If you or someone you love is struggling with suicidal thoughts or feeling hopeless, please call 1-800-273-8255 to speak with someone now or contact the Crisis Text Line by texting TALK to 741741.

This segment is one part of a series on SEL and Suicide Prevention in Schools being released throughout Suicide Prevention Awareness Month. Read Part 3 of the series here.

References

  1. Centers for Disease Control and Prevention. (2013). Suicide among youth.  
  2. Centers for Disease Control and Prevention. (2017). QuickStats: Suicide Rates for Teens Aged 15-19 Years, by Sex – United States, 1975-2015. Morbidity and Mortality Weekly Report, 66, 816. DOI:
  3. CASEL. What is SEL?
  4. Stone, D.M., Holland, K.M., Bartholow, B., Crosby, A.E., Davis, S., and Wilkins, N. (2017). Preventing Suicide: A Technical Package of Policies, Programs, and Practices. Atlanta, GA: National Center for Injury Prevention and Control, Centers for Disease Control and Prevention.
  5. Wyman, P. A. (2014). Developmental Approach to Prevent Adolescent Suicides: Research Pathways to Effective Upstream Preventive Interventions. American Journal of Preventive Medicine, 47(3 0 2), S251–S256.
  6. Centers for Disease Control and Prevention. Suicide Risk and Protective Factors.
  7. Centers for Disease Control and Prevention. (2008). Strategic direction for the prevention of suicidal behavior: Promoting individual, family, and community connectedness to prevent suicidal behavior.
  8. Durlak, J. A., Weissberg, R. P., Dymnicki, A. B., Taylor, R. D. & Schellinger, K. B. (2011), The impact of enhancing students' social and emotional learning: A meta-analysis of school-based universal interventions. Child Development, 82: 405–432.
  9. Bridge, J. A., Reynolds, B., McBee-Strayer, S. M., Sheftall, A. H., Ackerman, J., Stevens, J., ... Brent, D. A. (2015). Impulsive Aggression, Delay Discounting, and Adolescent Suicide Attempts: Effects of Current Psychotropic Medication Use and Family History of Suicidal Behavior. Journal of Child and Adolescent Psychopharmacology, 25(2), 114–123.
  10. Stone, D.M., Holland, K.M., Bartholow, B., Crosby, A.E., Davis, S., and Wilkins, N. (2017). Preventing Suicide: A Technical Package of Policies, Programs, and Practices. Atlanta, GA: National Center for Injury Prevention and Control, Centers for Disease Control and Prevention.
  11. Durlak, J. A., Weissberg, R. P., Dymnicki, A. B., Taylor, R. D. & Schellinger, K. B. (2011), The impact of enhancing students' social and emo- tional learning: A meta-analysis of school-based universal interventions. Child Development, 82: 405–432.
  12. Stone, D.M., Holland, K.M., Bartholow, B., Crosby, A.E., Davis, S., and Wilkins, N. (2017). Preventing Suicide: A Technical Package of Policies, Programs, and Practices. Atlanta, GA: National Center for Injury Prevention and Control, Centers for Disease Control and Prevention.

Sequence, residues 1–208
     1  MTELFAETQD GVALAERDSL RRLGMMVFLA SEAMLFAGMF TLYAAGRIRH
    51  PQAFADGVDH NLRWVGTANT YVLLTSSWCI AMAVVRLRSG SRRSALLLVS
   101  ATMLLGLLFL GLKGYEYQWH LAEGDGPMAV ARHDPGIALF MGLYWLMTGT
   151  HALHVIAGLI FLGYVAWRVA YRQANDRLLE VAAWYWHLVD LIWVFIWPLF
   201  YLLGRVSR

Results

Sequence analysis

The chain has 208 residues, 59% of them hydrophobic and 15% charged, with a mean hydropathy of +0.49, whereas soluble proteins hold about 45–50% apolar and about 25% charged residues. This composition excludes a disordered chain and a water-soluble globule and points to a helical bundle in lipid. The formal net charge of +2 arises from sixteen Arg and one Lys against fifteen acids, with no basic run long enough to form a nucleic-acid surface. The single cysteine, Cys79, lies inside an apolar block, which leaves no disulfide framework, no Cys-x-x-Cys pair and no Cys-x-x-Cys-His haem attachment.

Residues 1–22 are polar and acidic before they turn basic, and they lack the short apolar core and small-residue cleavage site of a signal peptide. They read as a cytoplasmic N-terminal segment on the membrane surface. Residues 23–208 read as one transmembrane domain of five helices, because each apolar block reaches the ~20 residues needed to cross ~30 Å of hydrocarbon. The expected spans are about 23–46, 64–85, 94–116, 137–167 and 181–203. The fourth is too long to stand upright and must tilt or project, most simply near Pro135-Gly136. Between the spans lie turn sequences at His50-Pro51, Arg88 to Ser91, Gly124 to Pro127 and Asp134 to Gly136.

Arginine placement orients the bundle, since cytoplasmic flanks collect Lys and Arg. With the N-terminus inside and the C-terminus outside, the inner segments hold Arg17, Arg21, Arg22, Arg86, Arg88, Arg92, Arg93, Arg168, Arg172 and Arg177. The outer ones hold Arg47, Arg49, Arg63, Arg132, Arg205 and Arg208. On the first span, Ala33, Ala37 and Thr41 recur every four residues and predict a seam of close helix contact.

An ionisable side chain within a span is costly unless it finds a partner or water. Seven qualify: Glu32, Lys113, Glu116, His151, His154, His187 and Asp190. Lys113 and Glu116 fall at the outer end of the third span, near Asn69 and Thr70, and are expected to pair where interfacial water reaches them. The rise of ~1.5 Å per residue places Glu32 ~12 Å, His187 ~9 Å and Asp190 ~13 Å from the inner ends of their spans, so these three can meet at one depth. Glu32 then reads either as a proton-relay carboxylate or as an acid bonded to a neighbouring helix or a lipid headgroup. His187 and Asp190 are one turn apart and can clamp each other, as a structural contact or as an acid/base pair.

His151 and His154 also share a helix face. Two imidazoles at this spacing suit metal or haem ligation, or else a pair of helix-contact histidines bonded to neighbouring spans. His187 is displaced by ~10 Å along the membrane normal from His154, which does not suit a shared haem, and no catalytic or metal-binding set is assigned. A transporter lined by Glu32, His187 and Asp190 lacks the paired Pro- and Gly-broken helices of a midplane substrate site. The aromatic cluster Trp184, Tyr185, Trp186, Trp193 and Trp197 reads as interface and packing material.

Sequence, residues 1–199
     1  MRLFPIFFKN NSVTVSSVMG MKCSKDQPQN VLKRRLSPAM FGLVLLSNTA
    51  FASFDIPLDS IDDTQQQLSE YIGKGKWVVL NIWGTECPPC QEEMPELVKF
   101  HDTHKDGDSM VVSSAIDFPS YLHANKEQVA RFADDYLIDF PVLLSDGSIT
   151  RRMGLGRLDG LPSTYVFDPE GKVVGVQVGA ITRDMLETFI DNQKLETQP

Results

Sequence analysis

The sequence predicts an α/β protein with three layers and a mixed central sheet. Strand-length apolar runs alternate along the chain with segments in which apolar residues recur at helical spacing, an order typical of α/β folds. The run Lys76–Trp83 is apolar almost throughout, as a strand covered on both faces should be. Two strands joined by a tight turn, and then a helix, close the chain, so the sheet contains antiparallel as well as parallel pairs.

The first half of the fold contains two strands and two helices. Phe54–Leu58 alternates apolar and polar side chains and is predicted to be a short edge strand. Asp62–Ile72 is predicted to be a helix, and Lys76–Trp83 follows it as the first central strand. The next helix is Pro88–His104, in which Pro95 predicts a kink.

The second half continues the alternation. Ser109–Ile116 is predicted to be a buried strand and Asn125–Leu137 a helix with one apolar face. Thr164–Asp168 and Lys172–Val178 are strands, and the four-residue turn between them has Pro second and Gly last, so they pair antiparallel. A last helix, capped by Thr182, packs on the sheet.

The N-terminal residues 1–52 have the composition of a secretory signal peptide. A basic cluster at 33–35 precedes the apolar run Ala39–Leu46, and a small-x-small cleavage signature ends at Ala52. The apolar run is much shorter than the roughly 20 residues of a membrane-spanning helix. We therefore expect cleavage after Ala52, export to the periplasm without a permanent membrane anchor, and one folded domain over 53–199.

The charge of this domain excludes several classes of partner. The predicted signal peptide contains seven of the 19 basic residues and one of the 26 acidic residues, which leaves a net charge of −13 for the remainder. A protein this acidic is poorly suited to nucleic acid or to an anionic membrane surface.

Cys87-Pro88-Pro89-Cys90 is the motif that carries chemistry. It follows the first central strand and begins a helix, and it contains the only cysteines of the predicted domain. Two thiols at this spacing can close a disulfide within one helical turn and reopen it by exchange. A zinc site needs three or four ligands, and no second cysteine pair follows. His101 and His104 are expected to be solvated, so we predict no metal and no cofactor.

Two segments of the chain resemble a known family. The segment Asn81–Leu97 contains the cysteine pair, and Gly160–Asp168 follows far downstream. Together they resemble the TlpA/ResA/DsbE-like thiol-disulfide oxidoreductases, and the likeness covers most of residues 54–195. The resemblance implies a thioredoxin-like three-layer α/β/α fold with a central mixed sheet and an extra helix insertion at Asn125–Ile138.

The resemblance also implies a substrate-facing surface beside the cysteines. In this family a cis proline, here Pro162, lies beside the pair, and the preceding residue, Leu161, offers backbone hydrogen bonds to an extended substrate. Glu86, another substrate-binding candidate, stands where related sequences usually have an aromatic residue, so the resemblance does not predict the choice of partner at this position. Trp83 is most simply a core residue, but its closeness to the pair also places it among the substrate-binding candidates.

13. Wyman, P. A. (2014). Developmental Approach to Prevent Adolescent Suicides: Research Pathways to Effective Upstream Preventive Interventions. American Journal of Preventive Medicine, 47(3 0 2), S251–S256. http://doi.org/10.1016/j.amepre.2014.05.039
  14. Centers for Disease Control and Prevention. Suicide Risk and Protective Factors.
  15. Stone, D.M., Holland, K.M., Bartholow, B., Crosby, A.E., Davis, S., and Wilkins, N. (2017). Preventing Suicide: A Technical Package of Policies, Programs, and Practices. Atlanta, GA: National Center for Injury Prevention and Control, Centers for Disease Control and Prevention. Stone, D.M., Holland, K.M., Bartholow, B., Crosby, A.E., Davis, S., and Wilkins, N. (2017). Preventing Suicide: A Technical Package of Policies, Pro- grams, and Practices. Atlanta, GA: National Center for Injury Prevention and Control, Centers for Disease Control and Prevention.
  16. Stone, D.M., Holland, K.M., Bartholow, B., Crosby, A.E., Davis, S., and Wilkins, N. (2017). Preventing Suicide: A Technical Package of Policies, Programs, and Practices. Atlanta, GA: National Center for Injury Prevention and Control, Centers for Disease Control and Prevention.
  17. Stone, D.M., Holland, K.M., Bartholow, B., Crosby, A.E., Davis, S., and Wilkins, N. (2017). Preventing Suicide: A Technical Package of Policies, Programs, and Practices. Atlanta, GA: National Center for Injury Prevention and Control, Centers for Disease Control and Prevention.
  18. Stone, D.M., Holland, K.M., Bartholow, B., Crosby, A.E., Davis, S., and Wilkins, N. (2017). Preventing Suicide: A Technical Package of Policies, Programs, and Practices. Atlanta, GA: National Center for Injury Prevention and Control, Centers for Disease Control and Prevention.
  19. Whitlock, J., Wyman, P.A., & Moore, S.R. (2014). Connectedness and suicide prevention in adolescents: Pathways and implications. Suicide and Life-Threatening Behavior, 44(3), 246-272
  20. Kataoka, S. H., Zhang, L., & Wells, K. B. (2002). Unmet need for mental health care among U.S. children: Variation by ethnicity and insurance status. The American Journal of Psychiatry, 159(9), 1548-1555.
  21. School Mental Health Services in the United States. (2006).
  22. Whitlock, J., Wyman, P.A., & Moore, S.R. (2014). Connectedness and suicide prevention in adolescents: Pathways and implications. Suicide and Life-Threatening Behavior, 44(3), 246-272
  23. Shasha, V. J., Ojakia, M., Lenoi, L., Lopez, J. (2017). K-12 Toolkit for Mental Health Promotion and Suicide Prevention.
  24. Jennings, P. A., Frank, J. L., Snowberg, K. E., Coccia, M. A., & Greenberg, M. T. (2013). Improving classroom learning environments by Culti- vating Awareness and Resilience in Education (CARE): Results of a randomized controlled trial. School Psychology Quarterly, 28(4), 374